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Editor’s Note: This article previously appeared in a different format as part of The Atlantic’s Notes section, retired in 2021.

Genevieve writes:

I was speechless after reading Tizon’s article because I realized my family also had a slave.

She wasn’t “Lola,” though, she was “Ate”: the Tagalog word for “older sister.” Ate was in her early 20s, had long, black hair, and a honey complexion like the rest of our family. When I was in first grade, my family had a vacation going to Seattle. She came with us when we went back home, and I didn’t question the situation at all.

Ate became the older sister I never had. She cleaned, and she worked in my family’s assisted-living homes. She didn’t go outside very often. During family vacations, she would stay behind and care for the house. Thankfully, my parents did not beat her, and rarely scolded her. Ate also had her own room, had her own laptop, and was free to do what she wanted on her own time. She was almost another member of the family, but I could never acknowledge her existence outside my home.

The rest of my extended family had no idea Ate was living at our house. My parents told me and my brother to never mention her, and to keep her a secret. And for good reason: Like Lola, Ate had also overstayed her visa, and was here illegally.

During family gatherings, Ate would stay in her room. I had to make sure that no kids ever went upstairs, where Ate’s room was. There was one instance where my aunt arrived home unexpectedly, and I distracted her by showing her my bike in the garage as Ate snuck upstairs.

Ate left when I was 11. The main reason she was able to leave is because my father killed himself. During the night of his death, she hid in my parents’ closet, keeping away in case police officers would find her. Only with his passing did my mother come clean about Ate to her sister, and they gave her the means to send her back to the Philippines.

It’s been years since I’ve spoken to her. I’ve never spoken about her with my mother, and I’m working out the courage now to talk to her and understand what was going on. I have few pictures of her, but the ones that exist show a young skinny woman who has long black hair, and incredibly pale skin. Towards the end of her stay with us, she had become a ghost of who she was.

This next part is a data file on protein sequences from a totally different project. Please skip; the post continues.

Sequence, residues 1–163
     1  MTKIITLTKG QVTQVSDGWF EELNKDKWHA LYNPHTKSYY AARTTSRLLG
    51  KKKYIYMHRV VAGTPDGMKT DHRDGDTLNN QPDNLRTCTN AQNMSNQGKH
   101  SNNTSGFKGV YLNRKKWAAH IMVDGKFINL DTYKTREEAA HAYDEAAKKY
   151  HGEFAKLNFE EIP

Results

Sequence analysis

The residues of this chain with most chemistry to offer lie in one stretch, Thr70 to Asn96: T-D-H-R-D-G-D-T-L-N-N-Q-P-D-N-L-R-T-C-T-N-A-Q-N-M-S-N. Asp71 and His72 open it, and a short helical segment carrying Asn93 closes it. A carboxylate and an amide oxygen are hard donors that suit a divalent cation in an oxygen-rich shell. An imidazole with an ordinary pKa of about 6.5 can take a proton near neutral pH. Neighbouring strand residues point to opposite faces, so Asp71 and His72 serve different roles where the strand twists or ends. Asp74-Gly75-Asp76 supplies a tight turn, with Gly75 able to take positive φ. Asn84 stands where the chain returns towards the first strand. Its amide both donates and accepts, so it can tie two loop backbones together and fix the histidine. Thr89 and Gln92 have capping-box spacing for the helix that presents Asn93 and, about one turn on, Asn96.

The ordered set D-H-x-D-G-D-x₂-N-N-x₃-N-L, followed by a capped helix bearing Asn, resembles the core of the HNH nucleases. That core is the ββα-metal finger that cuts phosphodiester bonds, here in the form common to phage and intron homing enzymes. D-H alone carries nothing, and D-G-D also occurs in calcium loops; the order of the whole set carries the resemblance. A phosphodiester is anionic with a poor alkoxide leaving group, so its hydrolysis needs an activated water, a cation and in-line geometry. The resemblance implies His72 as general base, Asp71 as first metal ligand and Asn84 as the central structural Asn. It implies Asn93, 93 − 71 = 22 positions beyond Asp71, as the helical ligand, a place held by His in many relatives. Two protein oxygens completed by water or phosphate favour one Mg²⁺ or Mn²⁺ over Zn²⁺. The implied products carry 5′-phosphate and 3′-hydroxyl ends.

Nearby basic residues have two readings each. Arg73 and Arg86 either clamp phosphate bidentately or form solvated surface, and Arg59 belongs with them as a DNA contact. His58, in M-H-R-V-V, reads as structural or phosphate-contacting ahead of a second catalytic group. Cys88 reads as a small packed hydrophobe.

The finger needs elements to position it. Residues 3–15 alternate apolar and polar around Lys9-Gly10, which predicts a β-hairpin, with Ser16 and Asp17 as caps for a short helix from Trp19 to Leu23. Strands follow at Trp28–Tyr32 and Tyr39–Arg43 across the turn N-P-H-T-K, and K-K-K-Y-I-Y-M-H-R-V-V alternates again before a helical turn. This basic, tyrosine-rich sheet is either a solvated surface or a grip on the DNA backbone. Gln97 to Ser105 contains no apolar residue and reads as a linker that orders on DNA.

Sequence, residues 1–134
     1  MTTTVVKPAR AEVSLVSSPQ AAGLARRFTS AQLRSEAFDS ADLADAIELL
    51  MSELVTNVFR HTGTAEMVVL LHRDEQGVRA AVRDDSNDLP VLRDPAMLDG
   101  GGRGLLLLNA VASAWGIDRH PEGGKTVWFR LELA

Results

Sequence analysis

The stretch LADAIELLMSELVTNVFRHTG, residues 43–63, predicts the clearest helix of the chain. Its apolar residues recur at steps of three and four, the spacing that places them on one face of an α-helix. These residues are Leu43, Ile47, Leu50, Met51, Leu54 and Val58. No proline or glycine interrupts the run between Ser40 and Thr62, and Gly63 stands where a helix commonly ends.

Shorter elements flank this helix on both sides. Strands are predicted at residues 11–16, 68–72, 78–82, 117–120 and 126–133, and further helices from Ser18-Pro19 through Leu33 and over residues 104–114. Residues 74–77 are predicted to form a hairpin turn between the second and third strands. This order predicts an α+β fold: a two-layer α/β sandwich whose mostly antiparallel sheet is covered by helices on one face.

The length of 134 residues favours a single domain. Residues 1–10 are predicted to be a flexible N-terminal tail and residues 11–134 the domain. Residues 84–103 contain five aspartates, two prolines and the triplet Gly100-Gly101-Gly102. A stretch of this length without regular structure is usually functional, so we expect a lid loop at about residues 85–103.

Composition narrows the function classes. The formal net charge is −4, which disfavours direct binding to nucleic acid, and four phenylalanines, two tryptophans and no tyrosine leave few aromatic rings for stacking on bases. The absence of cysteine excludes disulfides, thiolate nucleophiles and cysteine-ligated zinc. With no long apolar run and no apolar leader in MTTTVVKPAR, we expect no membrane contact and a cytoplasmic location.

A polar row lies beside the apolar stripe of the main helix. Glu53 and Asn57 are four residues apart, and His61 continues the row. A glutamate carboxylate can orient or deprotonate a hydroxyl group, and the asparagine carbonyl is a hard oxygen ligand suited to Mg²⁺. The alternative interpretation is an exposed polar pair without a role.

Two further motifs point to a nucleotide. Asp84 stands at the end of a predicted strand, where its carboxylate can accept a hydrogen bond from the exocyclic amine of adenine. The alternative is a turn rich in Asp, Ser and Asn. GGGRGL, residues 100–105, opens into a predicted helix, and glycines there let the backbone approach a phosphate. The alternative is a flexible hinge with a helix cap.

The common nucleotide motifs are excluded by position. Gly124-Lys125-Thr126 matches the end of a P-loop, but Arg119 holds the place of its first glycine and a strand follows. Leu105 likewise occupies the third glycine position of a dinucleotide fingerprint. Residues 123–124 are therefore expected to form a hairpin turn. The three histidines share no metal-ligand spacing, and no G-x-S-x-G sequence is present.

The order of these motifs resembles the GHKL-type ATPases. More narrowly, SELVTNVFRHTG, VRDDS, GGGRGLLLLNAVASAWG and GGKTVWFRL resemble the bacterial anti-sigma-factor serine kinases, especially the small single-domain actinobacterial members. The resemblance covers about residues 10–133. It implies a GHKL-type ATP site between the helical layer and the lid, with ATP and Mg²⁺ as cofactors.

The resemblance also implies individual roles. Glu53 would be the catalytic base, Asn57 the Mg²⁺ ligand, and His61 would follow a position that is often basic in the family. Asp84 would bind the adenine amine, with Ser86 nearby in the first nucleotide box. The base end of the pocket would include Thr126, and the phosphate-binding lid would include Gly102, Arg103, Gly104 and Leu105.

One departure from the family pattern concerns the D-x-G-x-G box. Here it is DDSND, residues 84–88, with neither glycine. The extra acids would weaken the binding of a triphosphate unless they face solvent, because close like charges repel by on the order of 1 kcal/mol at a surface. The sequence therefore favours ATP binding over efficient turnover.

I only know through social media that she is now happily married with a child. She has bangs and a tan, and just celebrated her mother’s birthday. She was able to escape and have the life Lola never had.

We’ve heard from several readers who said they were able to escape conditions of servitude, some of whom said they’d been forced to work for members of their own families. Their stories are here. Meanwhile Sheila de Guzman, a Filipina American reader, reacts to the irony of using familial titles like Ate or Lola (an honorific for “grandmother”) to refer to exploited workers:

This Filipino family, more specifically the parents, called Eudocia Tomas Pulido “Lola” and felt no sting in their words or actions when they were cruel to her. How?!

This is the same culture that requires mano—a gesture where you take the hand of an elder and put it to your forehead as a sign of respect. Filipinos are taught this when they’re babies and keep doing it all of their lives. This is the same culture where there is a breadth of prefixes to acknowledge where you are in the family: manong/manang for firstborn male/female and ading for younger siblings (commonly used in retail settings to show respect to a younger customer). My parents’ friends still call them Ate Lilia and Kuya Cris, and my brother and sister have only ever called me Ate—the prefix that means “older sister.” How, then, did they not feel the hypocrisy of calling her Lola and then mistreating her? How could such blatant disrespect toward an older individual continue for decades?

Vicente Rafael, a scholar of Philippine history, explains:

In pre-colonial Philippines and Southeast Asia (and many other parts of the world), practices of enslavement revolved around debt bondage rather than chattel slavery. … Pre-colonial Tagalogs had two main kinds of slaves, or alipin. The first was alipin namamahay, the slave who had his or her own house and family and, like a vassal, was expected to help the master during harvests, raids, trade, and feasts. A lower form of slave, alipin sagigilid, had less autonomy, lived inside the master’s house, and was on call 24/7. Many of the latter were poor relatives who had fallen on hard times. …

The fact that Pulido was not property who could be bought and sold might help to explain why Tizon presented her as part of the family, albeit a lowly and exploited member—an aspect of the essay that some American readers found difficult to accept. Echoing pre-colonial practices, contemporary power relations between masters and servants in Filipino culture are mediated not just by the imperatives of the marketplace and ideologies of race. In Tizon’s narrative (and in the everyday experience of Filipinos who grew up with servants), affective ties of pity (awa), reciprocal indebtedness (utang na loob), and shame (hiya) hold together the master and servant as much as they pull them apart.